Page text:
In his essay, Benjamin investigates the roots and consequences of technological development in the arts and the implications of the emergence of photography and cinema for traditional artforms. What makes Benjamin’s analysis so relevant to our day is the notion of mechanical reproduction. Rooted in Marxism, Benjamin’s framework construes the advances in artistic technology and methodology in the early 20th century as symmetric to the technological innovation that had propelled industrialization. Just like new machines and production chains enabled factory workers to increase production volumes by unprecedented amounts and without having to exert greater effort, the camera made its disruptive appearance on the art scene and subverted the dogmas of artistic experience (how art could be consumed) and artistic practice (how art could be made). Benjamin’s thesis is that the conditions of production under capitalism are “no less noticeable in the superstructure [which includes the arts, A/N] than in the economy”. Those conditions, Benjamin contends, brush aside “concepts such as creativity and genius, eternal value and mystery”. In this sense, as prof. Massimo Cacciari has pointed out, Benjamin’s essay is actually a work in the philosophy of history, rather than aesthetic theory or philosophy of art.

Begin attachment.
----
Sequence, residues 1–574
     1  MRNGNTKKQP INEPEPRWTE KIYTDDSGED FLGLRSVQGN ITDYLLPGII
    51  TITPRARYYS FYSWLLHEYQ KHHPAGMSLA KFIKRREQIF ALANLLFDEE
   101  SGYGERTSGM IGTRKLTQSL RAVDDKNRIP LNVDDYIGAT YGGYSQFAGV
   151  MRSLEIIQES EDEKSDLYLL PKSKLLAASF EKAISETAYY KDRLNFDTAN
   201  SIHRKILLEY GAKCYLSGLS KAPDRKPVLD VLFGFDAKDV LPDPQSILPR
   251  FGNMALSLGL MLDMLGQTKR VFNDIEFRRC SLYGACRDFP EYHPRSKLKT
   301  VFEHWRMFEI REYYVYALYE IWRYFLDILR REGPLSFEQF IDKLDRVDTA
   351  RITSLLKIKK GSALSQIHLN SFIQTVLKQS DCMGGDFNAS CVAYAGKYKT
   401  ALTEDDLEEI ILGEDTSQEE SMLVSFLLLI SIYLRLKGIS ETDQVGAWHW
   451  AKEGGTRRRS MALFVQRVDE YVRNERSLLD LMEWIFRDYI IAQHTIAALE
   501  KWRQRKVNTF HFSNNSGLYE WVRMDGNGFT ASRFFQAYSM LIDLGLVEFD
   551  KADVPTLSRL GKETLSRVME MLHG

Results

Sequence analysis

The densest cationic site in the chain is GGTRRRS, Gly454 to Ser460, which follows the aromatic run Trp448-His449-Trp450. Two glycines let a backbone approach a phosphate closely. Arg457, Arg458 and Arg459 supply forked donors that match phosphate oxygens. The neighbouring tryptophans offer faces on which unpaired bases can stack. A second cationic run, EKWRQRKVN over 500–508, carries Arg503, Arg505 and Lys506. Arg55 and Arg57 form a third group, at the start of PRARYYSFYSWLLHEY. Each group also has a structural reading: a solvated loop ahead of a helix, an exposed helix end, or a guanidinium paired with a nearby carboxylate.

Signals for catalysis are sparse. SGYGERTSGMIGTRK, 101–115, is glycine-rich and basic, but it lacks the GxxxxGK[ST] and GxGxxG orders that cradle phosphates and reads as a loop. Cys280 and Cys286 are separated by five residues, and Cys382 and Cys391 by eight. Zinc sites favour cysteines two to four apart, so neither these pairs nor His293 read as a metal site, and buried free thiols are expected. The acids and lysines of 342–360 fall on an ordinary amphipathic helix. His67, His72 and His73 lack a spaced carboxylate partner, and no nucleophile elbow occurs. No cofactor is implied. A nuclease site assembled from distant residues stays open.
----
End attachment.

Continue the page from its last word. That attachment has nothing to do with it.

When studying the phenomenon of virtual museums, the greater impact is on artistic experience, and concerning the latter Benjamin maintains that mechanical reproduction dismisses the importance of the hic et nunc (Latin for “here and now”), namely the presence in time and space of the work of art. A mechanical copy of a painting, like the ones we can see on a computer screen, is somehow inauthentic. As Benjamin writes: “The situations into which the product of mechanical reproduction can be brought may not touch the actual work of art, yet the quality of its presence is always depreciated.” What is found lacking in mechanically reproduced and distributed copies of the original is what Benjamin calls the aura of the artwork. The technology of replication detaches artworks from the domain of tradition, strips them of the intentions with which they were conceived and displaces their contextual value.